As promised last month, this month we continue to explore Buddhist India: this time after the Buddha, with bibliographies on Indian Buddhism after the Buddha (up to the first sectarian splits) and on Buddhist pilgrimage today.
There’s a lot of great scholarly content in the new bibliographies this month, so I encourage you (really!) to go and check them out. I won’t list every exciting thing here today, but I did want to highlight some work by four of my favorite Bhikkhu teachers:
- This talk by Bhante Yuttadhammo was delivered at the foot of the (Sri Lankan) Bodhi Tree and is such a good, atmospheric listen. If it inspires you to go on pilgrimage, check out the books there!
- In this book, Bhante Sujato explains how Buddhist sects, much like island birds, slowly evolved into separate species due to distance, not dramatic schisms—an important fact to keep in mind as you read about the early Buddhist sects.
- Bhikkhu Bodhi muses about the emergence of the Bodhisattva ideal in this thoughtful essay
- and Ajahn Geoff shares with us King Ashoka’s favorite suttas for preserving the religion giving us a taste of the questions and concerns which drove Indian Buddhist history as a whole.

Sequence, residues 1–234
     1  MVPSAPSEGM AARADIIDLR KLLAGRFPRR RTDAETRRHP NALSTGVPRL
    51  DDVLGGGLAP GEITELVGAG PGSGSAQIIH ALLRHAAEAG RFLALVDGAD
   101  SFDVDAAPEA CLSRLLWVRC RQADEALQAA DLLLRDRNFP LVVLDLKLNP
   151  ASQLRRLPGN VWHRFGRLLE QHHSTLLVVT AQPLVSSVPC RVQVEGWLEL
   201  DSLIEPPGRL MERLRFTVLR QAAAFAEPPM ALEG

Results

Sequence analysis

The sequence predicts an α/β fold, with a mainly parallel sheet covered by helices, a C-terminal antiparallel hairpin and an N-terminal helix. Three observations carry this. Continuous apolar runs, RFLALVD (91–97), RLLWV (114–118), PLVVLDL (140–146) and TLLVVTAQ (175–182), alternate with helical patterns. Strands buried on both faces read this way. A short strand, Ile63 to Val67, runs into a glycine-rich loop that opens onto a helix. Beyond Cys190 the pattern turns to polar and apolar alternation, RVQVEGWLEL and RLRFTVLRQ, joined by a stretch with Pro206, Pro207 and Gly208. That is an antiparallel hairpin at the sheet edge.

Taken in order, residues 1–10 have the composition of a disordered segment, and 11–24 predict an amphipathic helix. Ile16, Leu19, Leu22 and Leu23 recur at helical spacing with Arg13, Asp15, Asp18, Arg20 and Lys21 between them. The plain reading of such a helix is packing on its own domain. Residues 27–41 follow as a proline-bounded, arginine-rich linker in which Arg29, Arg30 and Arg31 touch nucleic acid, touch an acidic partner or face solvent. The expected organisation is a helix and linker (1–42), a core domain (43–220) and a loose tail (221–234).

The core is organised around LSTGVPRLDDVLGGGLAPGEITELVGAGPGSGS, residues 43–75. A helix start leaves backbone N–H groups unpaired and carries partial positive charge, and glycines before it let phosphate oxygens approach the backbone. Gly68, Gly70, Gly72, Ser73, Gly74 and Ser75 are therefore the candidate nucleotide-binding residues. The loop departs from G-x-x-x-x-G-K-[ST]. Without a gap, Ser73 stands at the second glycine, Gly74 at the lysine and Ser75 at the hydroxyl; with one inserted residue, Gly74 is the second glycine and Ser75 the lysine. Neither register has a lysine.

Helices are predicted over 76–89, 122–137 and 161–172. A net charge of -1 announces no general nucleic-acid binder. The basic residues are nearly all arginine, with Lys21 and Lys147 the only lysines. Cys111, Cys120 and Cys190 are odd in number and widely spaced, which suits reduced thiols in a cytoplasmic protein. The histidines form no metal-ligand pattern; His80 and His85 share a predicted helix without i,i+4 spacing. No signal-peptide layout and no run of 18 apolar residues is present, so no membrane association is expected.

Lastly, this month marks a special milestone for the University. It was exactly one year ago yesterday that I first launched the University library with the goal of providing thousands of free books, articles, and talks across the breadth of Buddhist Studies. One year later, we now have over 1000 pieces, covering everything from the Agamas to the Vinaya, from the Buddha to the World and in that year, over a thousand scholars from 67 countries have come and downloaded an average of seven items each.1 It means a lot to me to see that so many people are interested in learning authentic Buddhism and want to keep the Dhamma as it always has been: free. Thank you for coming and studying with us, and I hope you will find the University a helpful resource for years to come.
Looking to the future, there’s still much to do to bring greater depth to the University’s offerings. I look forward to delving deeper into Buddhist philosophy and history in the coming years, but I especially look forward to hearing your ideas about where the University could go from here. If you have any ideas, feel free to drop me a line, and until then: Thank you for reading!
Chief Librarian, The Open Buddhist University